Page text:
Advanced Driver Assistance Systems (ADAS) in modern cars contain actively reacting functionality, like autonomous steering or braking assistants. The demand for functional Hardware-in-the-Loop (HiL) testing of these systems contains the need to create realistic models of the car's surrounding. Generating high-resolution photorealistic 3D-graphics in real-time proved to be critical, but with modern graphics technology, “Visual Loop” test-systems can be built. Integrated into test processes and with automated test case generation, these testing tools can improve the performance and quality of functional verification and validation significantly.
2011-04-12
Technical Paper
2011-01-0472
Oliver Scholz, Rolf Behrendt, Thomas Wenzel, Thomas Stocker, Jörg Müller
The inspection of steel welds is a requirement in many safety critical applications, with X-rays offering an excellent visual aid in quality monitoring of such parts. In order to penetrate the steel and the weld, high energy X-rays are usually required though, depending on the material's thickness and the length of material the X-ray beams must traverse. The high beam energies can seriously degrade the X-ray detectors' life expectancy and image quality, so in order to ensure consistent image quality traditional X-ray film has been used, in spite of its drawbacks regarding the ecological impact of the chemical process and the significant efforts involved if archives of the welds must be maintained. This paper presents an alternative solution to the traditional photochemical archival approach using a custom X-ray detector developed specifically for the inspection of welded seams.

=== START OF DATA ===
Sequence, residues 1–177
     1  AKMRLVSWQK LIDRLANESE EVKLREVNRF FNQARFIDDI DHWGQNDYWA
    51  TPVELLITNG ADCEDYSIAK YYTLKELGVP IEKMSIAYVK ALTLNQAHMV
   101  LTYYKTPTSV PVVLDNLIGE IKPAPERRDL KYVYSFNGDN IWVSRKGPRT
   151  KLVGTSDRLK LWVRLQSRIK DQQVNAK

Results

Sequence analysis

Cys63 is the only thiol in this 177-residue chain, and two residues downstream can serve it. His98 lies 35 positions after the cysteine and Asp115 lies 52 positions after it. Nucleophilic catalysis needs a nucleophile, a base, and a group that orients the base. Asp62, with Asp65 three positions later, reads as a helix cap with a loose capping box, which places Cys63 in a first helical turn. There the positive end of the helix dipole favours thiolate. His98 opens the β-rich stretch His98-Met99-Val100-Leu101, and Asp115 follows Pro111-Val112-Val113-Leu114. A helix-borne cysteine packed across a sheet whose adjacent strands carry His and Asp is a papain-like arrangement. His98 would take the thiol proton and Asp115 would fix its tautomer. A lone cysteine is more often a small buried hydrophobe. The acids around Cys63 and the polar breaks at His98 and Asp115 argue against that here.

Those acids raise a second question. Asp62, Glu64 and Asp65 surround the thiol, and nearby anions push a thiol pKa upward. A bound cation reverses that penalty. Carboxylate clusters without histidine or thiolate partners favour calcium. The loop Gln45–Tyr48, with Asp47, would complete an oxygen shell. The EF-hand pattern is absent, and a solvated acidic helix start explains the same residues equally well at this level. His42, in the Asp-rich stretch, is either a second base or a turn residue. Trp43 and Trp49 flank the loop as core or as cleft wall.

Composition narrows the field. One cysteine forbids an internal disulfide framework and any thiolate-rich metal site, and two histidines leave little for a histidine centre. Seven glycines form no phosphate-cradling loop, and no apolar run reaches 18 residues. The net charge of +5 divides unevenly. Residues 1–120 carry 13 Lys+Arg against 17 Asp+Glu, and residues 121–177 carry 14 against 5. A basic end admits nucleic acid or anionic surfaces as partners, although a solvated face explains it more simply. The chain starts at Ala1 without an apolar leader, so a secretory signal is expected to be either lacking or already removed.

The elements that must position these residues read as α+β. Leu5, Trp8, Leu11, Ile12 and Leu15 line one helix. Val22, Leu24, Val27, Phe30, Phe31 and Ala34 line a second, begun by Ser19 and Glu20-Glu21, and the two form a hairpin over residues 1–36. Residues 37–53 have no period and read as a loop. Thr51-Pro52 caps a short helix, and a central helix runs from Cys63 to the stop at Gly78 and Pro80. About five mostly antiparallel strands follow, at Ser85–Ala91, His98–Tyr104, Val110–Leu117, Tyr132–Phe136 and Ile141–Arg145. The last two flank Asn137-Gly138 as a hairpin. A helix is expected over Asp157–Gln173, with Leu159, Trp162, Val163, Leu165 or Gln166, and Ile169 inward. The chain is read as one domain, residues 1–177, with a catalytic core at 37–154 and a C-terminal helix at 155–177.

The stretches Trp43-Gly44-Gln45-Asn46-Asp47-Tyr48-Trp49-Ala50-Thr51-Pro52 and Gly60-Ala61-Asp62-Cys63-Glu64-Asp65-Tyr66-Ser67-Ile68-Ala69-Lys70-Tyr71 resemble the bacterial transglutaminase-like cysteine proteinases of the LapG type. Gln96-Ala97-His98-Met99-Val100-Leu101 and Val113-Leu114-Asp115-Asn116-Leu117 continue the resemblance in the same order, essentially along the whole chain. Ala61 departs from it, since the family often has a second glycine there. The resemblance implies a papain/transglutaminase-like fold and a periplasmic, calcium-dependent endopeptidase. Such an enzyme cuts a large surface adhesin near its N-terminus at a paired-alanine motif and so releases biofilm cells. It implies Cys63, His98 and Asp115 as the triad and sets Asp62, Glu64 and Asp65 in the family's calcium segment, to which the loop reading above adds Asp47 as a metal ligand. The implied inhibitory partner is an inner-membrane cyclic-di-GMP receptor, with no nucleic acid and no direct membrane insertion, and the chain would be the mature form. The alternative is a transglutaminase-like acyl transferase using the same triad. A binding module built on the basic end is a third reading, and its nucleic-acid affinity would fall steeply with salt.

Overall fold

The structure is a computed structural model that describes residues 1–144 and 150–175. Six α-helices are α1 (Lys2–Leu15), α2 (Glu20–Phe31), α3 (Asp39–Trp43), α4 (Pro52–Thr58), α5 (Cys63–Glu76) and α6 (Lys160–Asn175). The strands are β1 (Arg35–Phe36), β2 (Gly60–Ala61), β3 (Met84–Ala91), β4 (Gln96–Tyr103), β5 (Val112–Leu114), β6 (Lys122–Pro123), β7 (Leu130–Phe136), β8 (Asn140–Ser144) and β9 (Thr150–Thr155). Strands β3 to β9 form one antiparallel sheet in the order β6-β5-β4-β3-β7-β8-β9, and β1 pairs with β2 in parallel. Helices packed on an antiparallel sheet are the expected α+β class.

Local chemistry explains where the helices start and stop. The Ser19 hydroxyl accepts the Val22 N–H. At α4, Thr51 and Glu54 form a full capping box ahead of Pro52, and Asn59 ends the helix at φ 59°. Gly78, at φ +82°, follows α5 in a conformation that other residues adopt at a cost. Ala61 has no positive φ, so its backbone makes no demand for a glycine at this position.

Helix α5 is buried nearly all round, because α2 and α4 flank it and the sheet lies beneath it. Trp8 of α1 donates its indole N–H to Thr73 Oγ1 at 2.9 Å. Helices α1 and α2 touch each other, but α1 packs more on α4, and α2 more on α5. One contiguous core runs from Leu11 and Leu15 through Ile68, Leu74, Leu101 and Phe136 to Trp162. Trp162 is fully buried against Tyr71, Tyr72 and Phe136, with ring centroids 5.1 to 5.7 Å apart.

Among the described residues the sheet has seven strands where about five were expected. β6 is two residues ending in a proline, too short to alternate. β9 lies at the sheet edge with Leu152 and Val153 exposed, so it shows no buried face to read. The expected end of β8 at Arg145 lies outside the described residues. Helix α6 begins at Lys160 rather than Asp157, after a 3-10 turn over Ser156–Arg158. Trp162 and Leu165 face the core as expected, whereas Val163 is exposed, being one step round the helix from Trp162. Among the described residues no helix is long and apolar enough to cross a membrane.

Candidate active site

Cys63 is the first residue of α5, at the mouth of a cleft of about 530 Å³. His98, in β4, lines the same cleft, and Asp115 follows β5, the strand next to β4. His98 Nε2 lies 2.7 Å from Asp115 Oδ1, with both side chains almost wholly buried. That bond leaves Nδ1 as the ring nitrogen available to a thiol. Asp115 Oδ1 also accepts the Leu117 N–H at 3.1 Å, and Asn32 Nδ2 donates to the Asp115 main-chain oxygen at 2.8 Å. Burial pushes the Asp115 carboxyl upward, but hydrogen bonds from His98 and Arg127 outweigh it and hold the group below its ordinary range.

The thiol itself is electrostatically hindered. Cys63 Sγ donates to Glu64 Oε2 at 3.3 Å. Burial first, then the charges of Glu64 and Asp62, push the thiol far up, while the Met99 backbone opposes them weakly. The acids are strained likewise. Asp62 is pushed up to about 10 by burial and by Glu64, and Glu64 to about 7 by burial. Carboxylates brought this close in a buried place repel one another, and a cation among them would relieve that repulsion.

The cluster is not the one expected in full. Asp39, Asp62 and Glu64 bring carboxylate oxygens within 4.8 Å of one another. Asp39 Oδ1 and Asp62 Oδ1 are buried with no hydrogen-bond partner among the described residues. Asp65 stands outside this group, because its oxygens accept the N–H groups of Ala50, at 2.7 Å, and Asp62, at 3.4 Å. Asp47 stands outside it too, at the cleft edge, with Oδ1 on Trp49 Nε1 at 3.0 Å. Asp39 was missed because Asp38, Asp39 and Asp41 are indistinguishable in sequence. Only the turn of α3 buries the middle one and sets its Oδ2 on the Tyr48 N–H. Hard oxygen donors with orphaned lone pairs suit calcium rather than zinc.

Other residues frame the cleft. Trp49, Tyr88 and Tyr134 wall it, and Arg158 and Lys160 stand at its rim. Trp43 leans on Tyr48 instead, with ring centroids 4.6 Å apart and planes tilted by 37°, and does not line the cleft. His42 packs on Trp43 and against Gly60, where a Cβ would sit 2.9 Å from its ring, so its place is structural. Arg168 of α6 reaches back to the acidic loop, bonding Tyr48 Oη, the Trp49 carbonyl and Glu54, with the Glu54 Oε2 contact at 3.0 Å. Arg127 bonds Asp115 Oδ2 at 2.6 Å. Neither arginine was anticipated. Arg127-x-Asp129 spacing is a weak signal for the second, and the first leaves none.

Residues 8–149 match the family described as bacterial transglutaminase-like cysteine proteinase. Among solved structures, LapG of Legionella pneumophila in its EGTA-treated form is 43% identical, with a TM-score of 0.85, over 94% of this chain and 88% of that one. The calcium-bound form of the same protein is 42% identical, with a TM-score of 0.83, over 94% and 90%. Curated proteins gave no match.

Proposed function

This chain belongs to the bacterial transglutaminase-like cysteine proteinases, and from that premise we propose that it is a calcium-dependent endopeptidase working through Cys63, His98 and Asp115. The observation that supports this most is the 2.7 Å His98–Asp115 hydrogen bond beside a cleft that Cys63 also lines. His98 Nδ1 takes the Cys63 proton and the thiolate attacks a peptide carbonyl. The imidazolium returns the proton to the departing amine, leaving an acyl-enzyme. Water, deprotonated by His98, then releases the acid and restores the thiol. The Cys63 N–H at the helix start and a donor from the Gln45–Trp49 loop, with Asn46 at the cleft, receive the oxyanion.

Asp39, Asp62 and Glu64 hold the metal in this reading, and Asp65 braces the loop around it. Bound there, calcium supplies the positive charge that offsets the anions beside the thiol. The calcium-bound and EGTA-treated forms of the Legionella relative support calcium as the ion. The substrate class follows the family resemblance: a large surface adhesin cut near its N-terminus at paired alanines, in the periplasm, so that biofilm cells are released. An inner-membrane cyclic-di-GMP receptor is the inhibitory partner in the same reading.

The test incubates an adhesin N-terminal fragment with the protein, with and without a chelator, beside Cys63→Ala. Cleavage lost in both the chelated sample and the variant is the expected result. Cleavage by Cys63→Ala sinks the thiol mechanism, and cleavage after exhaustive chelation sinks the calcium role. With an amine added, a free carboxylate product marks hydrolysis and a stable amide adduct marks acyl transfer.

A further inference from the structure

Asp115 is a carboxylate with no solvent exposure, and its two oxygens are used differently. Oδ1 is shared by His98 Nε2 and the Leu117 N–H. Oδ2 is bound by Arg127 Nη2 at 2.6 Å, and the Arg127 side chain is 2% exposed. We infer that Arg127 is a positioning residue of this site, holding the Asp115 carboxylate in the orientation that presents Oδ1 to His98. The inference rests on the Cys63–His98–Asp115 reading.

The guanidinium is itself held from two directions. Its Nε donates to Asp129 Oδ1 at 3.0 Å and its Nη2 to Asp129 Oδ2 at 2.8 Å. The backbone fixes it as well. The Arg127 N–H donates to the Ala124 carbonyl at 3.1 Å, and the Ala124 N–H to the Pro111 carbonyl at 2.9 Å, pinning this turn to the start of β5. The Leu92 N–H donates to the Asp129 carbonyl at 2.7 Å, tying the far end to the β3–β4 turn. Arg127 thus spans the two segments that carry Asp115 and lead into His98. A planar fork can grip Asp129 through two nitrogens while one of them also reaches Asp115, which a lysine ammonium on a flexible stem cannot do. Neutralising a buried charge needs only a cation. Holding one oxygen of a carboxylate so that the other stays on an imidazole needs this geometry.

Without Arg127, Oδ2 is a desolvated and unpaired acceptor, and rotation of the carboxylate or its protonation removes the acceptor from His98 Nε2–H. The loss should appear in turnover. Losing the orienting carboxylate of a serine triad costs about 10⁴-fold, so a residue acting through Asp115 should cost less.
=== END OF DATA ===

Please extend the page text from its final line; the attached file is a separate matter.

2010-10-10
Technical Paper
2010-01-1697
Jaroslaw Grochowicz, Karl-Heinz Wollenweber, Carlos Agudelo, Harald Abendroth
Modern project management including brake testing includes the exchange of reliable results from different sources and different locations. The ISO TC22/SWG2-Brake Lining Committee established a task force led by Ford Motor Co. to determine and analyze root causes for variability during dynamometer brake performance testing. The overall goal was to provide guidelines on how to reduce variability and how to improve correlation between dynamometer and vehicle test results. This collaborative accuracy study used the ISO 26867 Friction behavior assessment for automotive brake systems. Future efforts of the ISO task force will address NVH and vehicle-level tests. This paper corresponds to the first two phases of the project regarding performance brake dynamometer testing and presents results, findings and conclusions regarding repeatability (within-lab) and reproducibility (between-labs) from different laboratories and different brake dynamometers.